Minggu, 04 Januari 2009

Beasiswa Jepang


Saling berjabatan tangan, berikrar untuk meningkatkan hubungan persahabatan dalam menuju setengah abad yang baru : Menlu Hassan Wirajuda (tengah), Ketua Komite Pelaksana, Bpk. Rahmat Gobel (kiri) dan Dubes Ebihara (kanan).


Beasiswa Jepang

Mengapa Mau Sekolah Ke-Jepang?

Kedutaan Besar Jepang memiliki perpustakaan yang terletak di lantai 2. Perpustakaan ini menyediakan informasi beasiswa bagi mereka yang ingin melanjutkan studi ke Jepang, CD lagu-lagu maupun musik Jepang, buku-buku pengetahuan, dan lain sebagainya. Waktu kunjungan adalah sebagai berikut :

Hari : Senin - Jumat
Jam : 08:30 - 12:15
&nbsp13:30 - 15:30



Kunjungan ke Kedutaan Besar Jepang

Perpustakaan Kedubes Jepang menerima kunjungan bagi siswa-siswi yang ingin mengenal Jepang lebih jauh lagi. Pengunjung akan diajak untuk menyaksikan video mengenai Jepang. Tema video dapat ditentukan oleh pengunjung. Setelah pemutaran video, peserta dapat berinteraksi langsung dengan staf Jepang Kedutaan Besar dengan melakukan tanya-jawab, diskusi, dan bahkan kuis.

Cara pengajuan kunjungan ke Kedubes Jepang di Jakarta:

  1. Mengajukan surat permohonan yang ditujukan kepada Bagian Penerangan dan Kebudayaan, paling lambat 3 minggu sebelum waktu kunjungan yang diajukan.
    Surat dapat dikirimkan melalui fax (021) 3192-4820.

  2. Batas jumlah peserta maksimal 100 orang.

  3. Waktu kunjungan adalah dari hari Senin hingga Jumat, pukul 10:00 - 12:00.

Bilamana ada pertanyaan yang ingin diajukan sehubungan perihal tersebut diatas, Anda dapat menghubungi Perpustakaan Kedubes Jepang, tel. (021) 3192-4308 pada jam dan hari kerja.

Why We Want Get Schoolarship from Japan?

Active international exchange is now taking place throughout many parts of the world, and there are now said to be more than 1.5 million foreign students studying around the globe. Of them, 132,720 (as of May 1, 2009) are studying in Japan. What is it that attracts these students to Japan?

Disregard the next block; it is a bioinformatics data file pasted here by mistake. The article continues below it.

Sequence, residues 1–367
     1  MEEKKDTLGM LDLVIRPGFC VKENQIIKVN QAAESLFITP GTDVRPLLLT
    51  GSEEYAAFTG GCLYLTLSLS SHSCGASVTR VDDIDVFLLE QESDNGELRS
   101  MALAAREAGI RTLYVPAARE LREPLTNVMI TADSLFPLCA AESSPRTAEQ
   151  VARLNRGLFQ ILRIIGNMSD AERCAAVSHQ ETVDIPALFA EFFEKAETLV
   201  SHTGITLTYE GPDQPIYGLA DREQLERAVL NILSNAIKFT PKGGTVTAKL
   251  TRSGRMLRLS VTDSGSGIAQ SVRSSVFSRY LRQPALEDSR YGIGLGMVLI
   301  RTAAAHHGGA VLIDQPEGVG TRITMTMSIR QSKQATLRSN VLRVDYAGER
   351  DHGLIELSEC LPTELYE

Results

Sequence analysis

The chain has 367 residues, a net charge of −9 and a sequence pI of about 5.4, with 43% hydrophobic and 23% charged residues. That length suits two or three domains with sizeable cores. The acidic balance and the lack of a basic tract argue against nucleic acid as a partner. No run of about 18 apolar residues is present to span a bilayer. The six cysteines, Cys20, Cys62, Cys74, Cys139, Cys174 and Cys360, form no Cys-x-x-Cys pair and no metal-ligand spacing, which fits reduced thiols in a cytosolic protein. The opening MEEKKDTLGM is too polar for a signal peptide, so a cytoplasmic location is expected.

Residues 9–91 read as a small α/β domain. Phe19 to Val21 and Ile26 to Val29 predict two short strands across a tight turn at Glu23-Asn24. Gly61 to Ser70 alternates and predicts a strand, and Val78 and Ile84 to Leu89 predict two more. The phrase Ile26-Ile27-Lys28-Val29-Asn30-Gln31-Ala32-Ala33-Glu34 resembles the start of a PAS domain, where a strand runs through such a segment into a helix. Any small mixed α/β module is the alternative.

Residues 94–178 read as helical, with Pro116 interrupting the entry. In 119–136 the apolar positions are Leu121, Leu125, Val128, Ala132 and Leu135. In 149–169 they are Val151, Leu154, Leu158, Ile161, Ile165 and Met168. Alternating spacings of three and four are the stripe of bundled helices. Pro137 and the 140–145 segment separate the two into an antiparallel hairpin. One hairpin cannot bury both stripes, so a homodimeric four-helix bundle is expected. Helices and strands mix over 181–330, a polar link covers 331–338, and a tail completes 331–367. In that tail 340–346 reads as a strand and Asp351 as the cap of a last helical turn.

High  Educational Standards and Excellent Research Environment


The greatest appeal of studying in Japan is its academic environment where one can study state-of-the-art technology and acquire the knowledge that enabled Japan's phenomenal postwar economic growth. Whether it is electronics, Japanese literature, medicine or international business administration, Japanese universities and other institutes of higher education can offer course studies or research programs of virtually any field. The ratio of students who go on to universities (undergraduate level) and junior colleges (regular courses) is also very high in Japan at 55.3% (Source: Ministry of Education, Culture, Sports, Science and Technology (MEXT) "Statistical Abstract 2009 edition"). This figure is indicative of the high standard of education in Japan. Many institutions of higher education, such as universities and junior colleges, are well equipped with fine research, computer, and library facilities and enable students to carry out their research in an excellent environment.

The awarding of the Nobel Prize to four Japanese scientists in 2008 is still fresh in our minds. Mr. Osamu Shimomura received the prize in chemistry for “the discovery and development of the green fluorescent protein, GFP.” The Nobel Prize in physics was shared by three Japanese scientists—Mr. Yoichiro Nanbu was awarded for “the discovery of the mechanism of spontaneous broken symmetry in subatomic physics”; and Mr. Makoto Kobayashi and Mr. Toshihide Masukawa, for the development of the Kobayashi-Masukawa Theory and the discovery of the origin of the broken CP-symmetry, which opened up new ground in subatomic physics. Mr. Kobayashi and Mr. Masukawa were honored for the results of work done in Japan, an indication of the high level of research conducted in Japan. As of 2007, 8.2% of published academic papers were produced by Japanese researchers. (Source: Ministry of Education, Culture, Sports, Science and Technology (MEXT) "Statistical Abstract 2009 edition").



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